2. She never wrote anything that would represent a systematic political philosophy, a philosophy in which a single central argument is expounded and expanded upon in a sequence of works. Rather, her writings cover many and diverse topics, spanning issues such as totalitarianism, revolution, the nature of freedom, the faculties of ‘thinking’ and ‘judging,’ the history of political thought, and so on. (Majid Yar,
  3. She lived through what she called ‘dark times,’ whose history reads like a tale of horrors in which everything taken for granted turns into its opposite. The sudden unreliability of her native land and the unanticipated peril of having been born a Jew were the conditions under which Arendt first thought politically, a task for which she was neither inclined by nature nor prepared by education. (Jerome Koh,
  4. While the problem of ‘truth and politics’ is found everywhere in Arendt’s writings, there are three related texts in which it most explicitly features:

IV. Arendt’s perceptive assessment on the history of the lie in political culture: ‘the lie did not creep into politics by some accident of human sinfulness; moral outrage, for this reason alone, is not likely to make it disappear.’ A viable model of philosophical journalism.

  1. In an age of alternative facts, fact-checking has become almost second nature to critical thinkers who are concerned with the consequences of post-truth for the future of democracy. Drawing primarily on the work of Hannah Arendt and secondarily on that of Michel Foucault, this essay questions fact-checking as a democratic world-building practice and argues for forms of truth-telling that do not fall prey to Western philosophical conceptions of absolute truth and its hostility to plurality, opinion, and contingency. (Linda M. G. Zerilli,
  2. ‘The History and Practice of Lying in Public Life’: This paper provides an introduction to the history and practice of lying in public life. The paper argues that such an approach is required to balance the emphasis on truth and truth-telling. Truth and lies, truth-telling and the practice of lying are concepts of binary opposition that help define one another. The paper reviews Foucault’s work on truth-telling before analysing the ‘culture of lying’ and its relation to public life by focusing on Arendt’s work. (Michael A. Peters,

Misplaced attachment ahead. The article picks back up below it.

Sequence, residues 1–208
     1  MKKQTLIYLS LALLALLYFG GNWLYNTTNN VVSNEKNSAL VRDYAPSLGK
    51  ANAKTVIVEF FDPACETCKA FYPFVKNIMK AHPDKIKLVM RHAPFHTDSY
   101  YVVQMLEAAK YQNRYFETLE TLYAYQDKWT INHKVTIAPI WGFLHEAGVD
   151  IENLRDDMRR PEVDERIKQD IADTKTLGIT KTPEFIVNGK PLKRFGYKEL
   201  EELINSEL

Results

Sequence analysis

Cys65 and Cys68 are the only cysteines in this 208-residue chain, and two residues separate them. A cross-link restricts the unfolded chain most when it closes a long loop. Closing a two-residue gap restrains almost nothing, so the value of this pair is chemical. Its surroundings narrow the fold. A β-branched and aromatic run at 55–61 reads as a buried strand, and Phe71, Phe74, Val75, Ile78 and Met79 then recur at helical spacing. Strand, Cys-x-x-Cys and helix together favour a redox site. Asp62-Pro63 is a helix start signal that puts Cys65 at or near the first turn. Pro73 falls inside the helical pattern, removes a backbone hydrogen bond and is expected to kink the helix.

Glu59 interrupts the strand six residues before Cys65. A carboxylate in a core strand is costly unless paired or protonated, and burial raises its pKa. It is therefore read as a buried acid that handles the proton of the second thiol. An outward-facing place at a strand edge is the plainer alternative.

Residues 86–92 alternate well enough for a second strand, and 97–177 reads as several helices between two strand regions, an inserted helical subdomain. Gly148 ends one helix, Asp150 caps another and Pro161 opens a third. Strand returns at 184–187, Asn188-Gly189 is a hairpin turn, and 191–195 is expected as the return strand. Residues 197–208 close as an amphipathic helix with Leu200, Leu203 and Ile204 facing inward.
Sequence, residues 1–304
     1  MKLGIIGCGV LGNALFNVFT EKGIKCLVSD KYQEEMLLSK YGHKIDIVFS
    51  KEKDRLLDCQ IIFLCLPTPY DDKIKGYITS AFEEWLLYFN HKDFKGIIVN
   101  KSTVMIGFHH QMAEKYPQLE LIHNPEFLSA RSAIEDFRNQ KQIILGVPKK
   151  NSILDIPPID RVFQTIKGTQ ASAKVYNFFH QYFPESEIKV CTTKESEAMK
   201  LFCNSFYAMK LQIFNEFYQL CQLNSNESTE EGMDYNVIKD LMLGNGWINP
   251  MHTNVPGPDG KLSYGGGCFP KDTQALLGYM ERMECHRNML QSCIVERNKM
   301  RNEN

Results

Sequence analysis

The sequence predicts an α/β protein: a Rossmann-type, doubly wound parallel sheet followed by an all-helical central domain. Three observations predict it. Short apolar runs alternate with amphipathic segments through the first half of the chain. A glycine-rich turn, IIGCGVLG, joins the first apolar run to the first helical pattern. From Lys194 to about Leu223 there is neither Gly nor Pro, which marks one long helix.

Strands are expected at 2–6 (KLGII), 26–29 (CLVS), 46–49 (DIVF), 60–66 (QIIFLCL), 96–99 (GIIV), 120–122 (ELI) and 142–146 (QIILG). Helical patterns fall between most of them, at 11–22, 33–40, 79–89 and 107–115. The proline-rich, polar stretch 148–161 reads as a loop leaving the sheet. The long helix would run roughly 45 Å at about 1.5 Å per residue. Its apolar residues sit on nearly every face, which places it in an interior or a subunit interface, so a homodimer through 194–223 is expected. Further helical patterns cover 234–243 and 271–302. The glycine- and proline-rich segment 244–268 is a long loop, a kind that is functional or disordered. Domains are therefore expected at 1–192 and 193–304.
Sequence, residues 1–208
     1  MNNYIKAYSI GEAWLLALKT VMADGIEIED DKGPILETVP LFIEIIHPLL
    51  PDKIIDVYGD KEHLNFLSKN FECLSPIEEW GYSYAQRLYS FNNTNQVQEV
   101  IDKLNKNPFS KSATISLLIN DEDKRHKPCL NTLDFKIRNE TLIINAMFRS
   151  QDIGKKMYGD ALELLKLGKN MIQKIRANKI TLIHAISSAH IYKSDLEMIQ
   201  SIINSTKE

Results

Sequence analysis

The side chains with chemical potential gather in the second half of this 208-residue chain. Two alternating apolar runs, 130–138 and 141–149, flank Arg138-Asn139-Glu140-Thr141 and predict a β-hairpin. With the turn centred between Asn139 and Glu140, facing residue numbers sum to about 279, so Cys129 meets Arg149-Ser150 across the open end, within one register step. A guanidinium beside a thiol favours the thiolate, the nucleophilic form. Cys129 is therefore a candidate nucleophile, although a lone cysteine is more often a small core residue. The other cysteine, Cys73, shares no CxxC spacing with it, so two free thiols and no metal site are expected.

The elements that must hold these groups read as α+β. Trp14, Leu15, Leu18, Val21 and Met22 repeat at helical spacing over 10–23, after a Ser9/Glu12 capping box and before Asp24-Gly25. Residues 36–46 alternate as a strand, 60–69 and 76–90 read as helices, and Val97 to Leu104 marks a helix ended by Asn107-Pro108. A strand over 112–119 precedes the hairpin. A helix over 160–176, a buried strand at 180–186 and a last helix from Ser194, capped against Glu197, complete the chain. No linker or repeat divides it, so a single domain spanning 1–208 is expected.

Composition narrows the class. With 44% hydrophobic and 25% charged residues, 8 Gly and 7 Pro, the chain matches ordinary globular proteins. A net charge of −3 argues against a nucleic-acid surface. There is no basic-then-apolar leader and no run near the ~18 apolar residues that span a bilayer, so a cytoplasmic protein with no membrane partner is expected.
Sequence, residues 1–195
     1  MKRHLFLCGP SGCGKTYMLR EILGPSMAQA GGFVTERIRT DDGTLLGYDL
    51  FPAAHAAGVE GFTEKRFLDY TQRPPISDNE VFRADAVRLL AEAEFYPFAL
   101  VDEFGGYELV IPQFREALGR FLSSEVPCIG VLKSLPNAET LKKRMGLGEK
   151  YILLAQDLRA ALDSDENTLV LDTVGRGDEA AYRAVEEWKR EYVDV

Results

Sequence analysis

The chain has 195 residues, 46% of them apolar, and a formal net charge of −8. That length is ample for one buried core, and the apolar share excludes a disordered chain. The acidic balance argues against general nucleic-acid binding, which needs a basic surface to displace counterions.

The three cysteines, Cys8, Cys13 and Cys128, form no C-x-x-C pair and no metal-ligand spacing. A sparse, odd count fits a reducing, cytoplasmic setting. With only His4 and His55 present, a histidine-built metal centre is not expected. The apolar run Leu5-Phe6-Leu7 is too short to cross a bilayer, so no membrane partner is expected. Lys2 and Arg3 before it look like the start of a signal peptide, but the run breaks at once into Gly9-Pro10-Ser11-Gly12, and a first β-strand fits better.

3. ‘I am encouraged to think of lying as a set of cultural practices partly through the influence of Foucault’s genealogy [and] Wittgenstein’s (1953) language-game analysis[.…] ‘Lying is a language-game that needs to be learned like any other one’ ( 249). (Michael A. Peters,
  4. Arendt’s article consists in a series of reflections on the Pentagon Papers, and she bases her assessment on the history of the lie in political culture. In ‘Truth and Politics’ (1967) and ‘Lying in Politics’ (1971), Arendt reflects the fundamental relationship between lying and politics. She explains the nature of political action in the context of lying with surprising consequences that run against modern intuitions and threatens to change our understanding of the history of politics. (Michael A. Peters,
  5. In ‘Lying in Politics,’ Arendt provides an account of political imagination that draws interconnections between ‘the ability to lie, the deliberate denial of factual truth, and the capacity to change facts, the ability to act.’ (Michael A. Peters,

V. ‘The deliberate falsehood and the outright lie, used as legitimate means to achieve political ends, have been with us since the beginning of recorded history. Truthfulness has never been counted among the political virtues, and lies have always been regarded as justifiable tools.’ (Hannah Arendt,

VI. The role and status of the public intellectual are to be understood in terms of the changing nature and scope of public media, discourse and knowledge as it has been shaped by profound changes in public media landscapes. Part of the reason for philo-journalism.

  1. Every intellectual operates on a materiality. This takes the form not only of institutions but also technologies that make it possible to transmit ideas and generate audiences. In classical times, this materiality involved the printing press and books, but, today, also includes a series of digital tools through which linguistic and geographic barriers can be surmounted at a speed that was unthinkable only a few decades ago. (Mauro Basaure, Alfredo Joignant & Rachel Théodore,
  2. Independent journalism – the kind that favours public interest over political, commercial, or factional agendas – is in peril. The rapid erosion of the business models underpinning media sustainability has deepened a crisis in the freedom and safety of journalists around the world. The global response to these challenges in the coming decade will be decisive for the survival of a democratic public sphere. (UNESCO,